Developing countries may not be able to weather a repeat of a global financial crisis as well as they did in 2008 because their fiscal positions are worse now than they were in 2007, the World Bank has warned.
Government deficits of developing countries are on average 2 percentage points worse than in 2007 before the onset of the financial crisis, Hans Timmer, Director of the World Bank’s Economic Prospects Group, told CNBC Asia’s “Squawk Box” on Wednesday. But at that time, 40 percent of developing nations were running budget surpluses, compared to less than 20 percent today.
In addition, almost half of developing nations tracked by the World Bank are now running a budget deficit larger than 3 percent of GDP, Timmer added.
“They can still absorb a lot of shocks but it would be difficult to rebound as quickly from a new crisis as they did so successfully in 2009, 2010,” Timmer said.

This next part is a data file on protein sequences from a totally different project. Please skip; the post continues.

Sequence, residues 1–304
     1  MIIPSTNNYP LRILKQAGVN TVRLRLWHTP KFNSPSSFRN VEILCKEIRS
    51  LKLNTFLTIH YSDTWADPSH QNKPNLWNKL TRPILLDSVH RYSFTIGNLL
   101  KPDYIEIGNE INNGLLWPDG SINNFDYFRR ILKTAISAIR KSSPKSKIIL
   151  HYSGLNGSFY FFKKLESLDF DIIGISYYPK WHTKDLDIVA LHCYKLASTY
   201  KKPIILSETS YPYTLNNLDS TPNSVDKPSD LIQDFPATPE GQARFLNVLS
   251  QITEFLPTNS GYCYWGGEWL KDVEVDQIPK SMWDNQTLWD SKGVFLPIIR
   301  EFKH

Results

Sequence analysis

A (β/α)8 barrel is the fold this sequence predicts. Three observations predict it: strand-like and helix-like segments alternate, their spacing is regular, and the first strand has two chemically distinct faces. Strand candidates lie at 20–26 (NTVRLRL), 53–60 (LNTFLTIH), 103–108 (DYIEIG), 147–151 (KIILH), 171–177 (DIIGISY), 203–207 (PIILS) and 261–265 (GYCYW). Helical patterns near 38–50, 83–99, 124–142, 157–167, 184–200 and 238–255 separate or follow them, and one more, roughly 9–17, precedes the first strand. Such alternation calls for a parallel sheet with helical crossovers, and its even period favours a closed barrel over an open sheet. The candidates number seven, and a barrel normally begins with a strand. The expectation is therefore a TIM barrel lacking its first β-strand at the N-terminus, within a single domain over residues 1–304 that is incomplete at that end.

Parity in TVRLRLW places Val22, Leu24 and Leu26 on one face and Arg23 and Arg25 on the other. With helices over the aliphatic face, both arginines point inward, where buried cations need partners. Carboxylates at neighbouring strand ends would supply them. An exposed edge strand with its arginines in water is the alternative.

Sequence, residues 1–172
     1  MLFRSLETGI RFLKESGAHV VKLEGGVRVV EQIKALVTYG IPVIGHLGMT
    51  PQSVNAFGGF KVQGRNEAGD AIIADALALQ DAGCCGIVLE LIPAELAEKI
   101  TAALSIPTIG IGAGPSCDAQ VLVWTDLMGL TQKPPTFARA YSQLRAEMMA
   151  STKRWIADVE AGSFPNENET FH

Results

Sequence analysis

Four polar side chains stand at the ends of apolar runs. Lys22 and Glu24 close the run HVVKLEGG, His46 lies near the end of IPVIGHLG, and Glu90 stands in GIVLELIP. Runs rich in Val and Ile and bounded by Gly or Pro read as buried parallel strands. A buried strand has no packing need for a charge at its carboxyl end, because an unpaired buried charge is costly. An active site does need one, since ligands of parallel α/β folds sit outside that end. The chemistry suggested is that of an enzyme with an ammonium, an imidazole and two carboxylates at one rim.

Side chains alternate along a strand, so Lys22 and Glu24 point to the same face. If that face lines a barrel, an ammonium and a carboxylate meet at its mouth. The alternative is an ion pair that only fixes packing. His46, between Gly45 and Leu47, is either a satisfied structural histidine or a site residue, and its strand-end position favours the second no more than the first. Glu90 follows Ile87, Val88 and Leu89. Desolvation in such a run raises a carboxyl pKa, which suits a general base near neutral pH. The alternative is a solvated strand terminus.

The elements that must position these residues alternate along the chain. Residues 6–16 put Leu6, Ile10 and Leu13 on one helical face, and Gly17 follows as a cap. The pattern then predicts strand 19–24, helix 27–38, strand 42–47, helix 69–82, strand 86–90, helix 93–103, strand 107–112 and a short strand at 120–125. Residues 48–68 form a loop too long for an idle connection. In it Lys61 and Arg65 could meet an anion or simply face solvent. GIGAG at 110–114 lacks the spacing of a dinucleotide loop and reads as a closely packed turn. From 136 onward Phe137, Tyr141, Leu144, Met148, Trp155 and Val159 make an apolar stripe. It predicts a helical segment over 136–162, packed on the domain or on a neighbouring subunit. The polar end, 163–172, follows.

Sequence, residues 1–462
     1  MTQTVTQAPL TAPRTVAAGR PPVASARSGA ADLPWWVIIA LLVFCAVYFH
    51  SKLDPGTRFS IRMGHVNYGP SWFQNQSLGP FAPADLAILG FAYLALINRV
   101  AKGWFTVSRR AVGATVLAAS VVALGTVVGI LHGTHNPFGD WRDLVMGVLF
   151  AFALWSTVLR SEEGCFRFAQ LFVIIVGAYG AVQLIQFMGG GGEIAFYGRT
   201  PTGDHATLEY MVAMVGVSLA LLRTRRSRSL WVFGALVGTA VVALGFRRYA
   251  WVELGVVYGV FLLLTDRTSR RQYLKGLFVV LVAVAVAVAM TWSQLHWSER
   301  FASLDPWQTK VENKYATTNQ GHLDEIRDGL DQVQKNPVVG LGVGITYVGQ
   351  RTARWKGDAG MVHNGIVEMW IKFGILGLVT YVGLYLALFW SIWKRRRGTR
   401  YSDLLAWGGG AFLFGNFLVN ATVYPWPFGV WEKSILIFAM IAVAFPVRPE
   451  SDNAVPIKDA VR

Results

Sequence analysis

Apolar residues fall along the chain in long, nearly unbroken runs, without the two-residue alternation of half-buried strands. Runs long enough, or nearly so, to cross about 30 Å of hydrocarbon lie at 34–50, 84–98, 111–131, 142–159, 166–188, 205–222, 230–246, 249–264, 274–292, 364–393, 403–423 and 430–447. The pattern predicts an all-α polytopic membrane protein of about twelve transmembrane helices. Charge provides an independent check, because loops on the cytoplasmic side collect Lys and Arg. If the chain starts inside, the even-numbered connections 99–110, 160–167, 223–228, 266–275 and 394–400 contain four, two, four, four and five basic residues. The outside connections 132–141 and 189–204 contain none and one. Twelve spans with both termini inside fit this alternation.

Countries in Europe and Central Asia would be among the most vulnerable to an “acute crisis” in Europe because of their close trade and financial ties to Europe, according to a report put out by Timmer’s team titled “Global Economic Prospects” on Wednesday.
“However, should the situation in Europe deteriorate sharply, no developing region would be spared,” the report said. “The world's poorest countries will also feel the fall out – especially countries that are heavily reliant on remittances, tourism or commodity exports or that have high-levels of short-term debt.”
To ensure that they can weather another crisis – now posed by increased uncertainty over Europe, governments in all developing nations will need to cut short-term debt and their budget deficits, the World Bank said.
In addition, central banks in these nations will need to move monetary policy towards a ‘neutral’ stance in case they need to reduce interest rates, the report added. Governments will also need to ensure that they continue to implement structural reforms.
Barring a major crisis in Europe, the World Bank forecast that growth in developing countries is likely to slow to 5.3 percent in 2012 from 6.1 percent last year. This will strengthen to 5.9 percent in 2013 and to 6 percent in 2014, it added.
Overall global GDP is projected to grow 2.5 percent, 3 percent and 3.3 percent for the same period.
By CNBC's Jean Chua.